There has been a lot of talk in Canada lately about the financial costs achieve the country’s climate goals. And rightly so. The situation is urgent and we must act now.
Tackling climate change will require a concerted effort, affecting all sectors of the economy. And while there will be great economic opportunities and many new jobs in the green economy, there will be considerable disruption in the workforce, major economic challenges, and significant capital investment needed.
However, in the financial industry, we like to look at both sides of the ledger. And when you consider the damage to the Canadian economy that can be expected from fires, floods, melting ice caps and loss of biodiversity due to climate change, investment in greenhouse gas reduction greenhouse is starting to look very profitable.
Climate change harms economic prosperity
In a new study we recently published with the Institute for Sustainable Finance, we posit that economic value is sacrificed every day that action is not taken to mitigate the economic and ecological risks posed by climate change. Existing business models agree that losses are inevitable without change or investment. But questions remained about how much value will be lost and how quickly.
Our study modeled the physical risk to Canada, or the amount of capital production that could be lost, under various warming scenarios by the end of the century. We found that in a business as usual scenario, without new international greenhouse gas mitigation measures, allowing the climate to warm 5°C by 2100, the cumulative cost to Canada would be 5, $5 trillion.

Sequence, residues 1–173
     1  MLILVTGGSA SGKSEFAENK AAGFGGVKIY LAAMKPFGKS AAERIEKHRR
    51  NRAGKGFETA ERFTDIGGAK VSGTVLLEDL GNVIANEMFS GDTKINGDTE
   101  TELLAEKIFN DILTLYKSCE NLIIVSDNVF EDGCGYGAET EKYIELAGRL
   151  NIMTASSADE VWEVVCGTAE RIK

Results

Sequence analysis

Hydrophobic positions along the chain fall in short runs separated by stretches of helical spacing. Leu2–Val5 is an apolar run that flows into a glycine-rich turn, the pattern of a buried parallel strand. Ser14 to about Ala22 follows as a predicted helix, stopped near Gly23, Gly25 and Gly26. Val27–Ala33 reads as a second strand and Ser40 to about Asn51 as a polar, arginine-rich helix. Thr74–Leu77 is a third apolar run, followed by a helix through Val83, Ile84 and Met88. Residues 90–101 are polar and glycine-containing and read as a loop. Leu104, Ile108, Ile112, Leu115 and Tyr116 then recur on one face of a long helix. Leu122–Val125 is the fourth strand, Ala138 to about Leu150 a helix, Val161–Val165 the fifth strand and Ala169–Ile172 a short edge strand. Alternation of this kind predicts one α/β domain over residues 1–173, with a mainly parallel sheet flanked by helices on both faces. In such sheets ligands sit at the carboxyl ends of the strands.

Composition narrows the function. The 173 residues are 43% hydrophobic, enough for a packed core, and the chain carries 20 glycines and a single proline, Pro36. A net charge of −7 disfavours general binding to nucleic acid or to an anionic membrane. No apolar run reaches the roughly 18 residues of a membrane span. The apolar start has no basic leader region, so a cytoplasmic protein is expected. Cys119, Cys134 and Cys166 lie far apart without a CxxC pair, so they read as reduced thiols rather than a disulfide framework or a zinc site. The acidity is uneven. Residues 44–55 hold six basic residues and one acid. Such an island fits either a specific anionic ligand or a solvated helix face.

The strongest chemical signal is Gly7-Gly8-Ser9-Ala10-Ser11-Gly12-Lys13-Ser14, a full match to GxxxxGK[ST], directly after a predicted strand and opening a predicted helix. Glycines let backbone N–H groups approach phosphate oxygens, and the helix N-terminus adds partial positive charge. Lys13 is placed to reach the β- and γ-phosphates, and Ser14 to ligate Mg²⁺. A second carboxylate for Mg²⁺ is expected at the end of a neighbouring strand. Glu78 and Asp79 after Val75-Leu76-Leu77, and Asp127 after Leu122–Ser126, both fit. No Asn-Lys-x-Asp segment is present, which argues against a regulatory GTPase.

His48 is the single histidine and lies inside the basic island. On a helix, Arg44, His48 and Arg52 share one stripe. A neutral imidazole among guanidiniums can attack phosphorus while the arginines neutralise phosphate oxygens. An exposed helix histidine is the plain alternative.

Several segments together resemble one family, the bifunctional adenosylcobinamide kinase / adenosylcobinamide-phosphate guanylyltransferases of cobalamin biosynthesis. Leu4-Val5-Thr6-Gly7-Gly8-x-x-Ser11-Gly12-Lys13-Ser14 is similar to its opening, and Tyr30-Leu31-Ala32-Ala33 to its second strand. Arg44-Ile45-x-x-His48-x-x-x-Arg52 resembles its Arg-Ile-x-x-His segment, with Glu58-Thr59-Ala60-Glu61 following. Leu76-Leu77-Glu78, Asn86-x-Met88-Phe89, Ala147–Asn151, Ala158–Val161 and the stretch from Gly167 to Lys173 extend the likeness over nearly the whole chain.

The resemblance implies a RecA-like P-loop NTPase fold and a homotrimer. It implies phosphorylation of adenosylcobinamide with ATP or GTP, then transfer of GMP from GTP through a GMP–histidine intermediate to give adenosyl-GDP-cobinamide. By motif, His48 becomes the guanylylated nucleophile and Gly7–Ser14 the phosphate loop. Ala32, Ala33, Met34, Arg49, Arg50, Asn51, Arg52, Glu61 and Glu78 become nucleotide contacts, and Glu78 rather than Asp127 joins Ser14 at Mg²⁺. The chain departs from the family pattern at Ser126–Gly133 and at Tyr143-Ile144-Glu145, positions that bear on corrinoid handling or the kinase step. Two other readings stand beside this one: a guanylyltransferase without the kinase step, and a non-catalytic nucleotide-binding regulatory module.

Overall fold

It’s a big number. And that’s much higher than the damage we would see in a scenario where global warming is kept to 2C, which we estimate at around $2.8 trillion.
Of course, this is just the financial cost and does not take into account the suffering of those who will lose their livelihoods, homes and businesses, and even their lives, to climate-related disasters.
Our study further reveals that the costs associated with physical damage exceed the investments required to reduce greenhouse gas emissions. In fact, the difference is up to $45.4 billion greater than the required investment. And that doesn’t even take into account the potential economic benefits of transitioning to a low-carbon economy.
Yes, it is true that Canada cannot fight climate change alone and it is a global effort. But the incentive is clear for a wealthy, developed and industrialized country like Canada to assume a global leadership role and respond our own net zero goals.
Quick action is crucial
There is also a strong incentive to act now, as we will face inflection points in the coming decades that will make the challenge considerably more difficult.
Our study found that the damage costs of climate change are projected to increase gradually until 2050, at which point there is a sharp increase in all scenarios. In 2070, there is an exponential increase in damage. These dates correspond to two of the important target dates for reaching net zero noted by the Intergovernmental Panel on Climate Change in his reports.
Despite the increased attention given recently to the fight against climate change, progress has been too slow. It is becoming clear that we are unable to limit global temperature increase to 1.5C above pre-industrial levels by 2100. Estimates by the IPCC and others suggest that with current progress , and if the world meets its existing commitments, we are more on pace with a 3°C warming scenario. There is a very real risk that the warming will be even higher.
This is bad news for Canada, which is highly susceptible to the impacts of climate change and is warming twice as fast as the global average. But so far we have not had an effective assessment of the physical risks and the potential capital cost to Canada.
We have a lot to lose. And it should now be clear that tackling climate change is more than profitable in terms of physical damage avoided alone.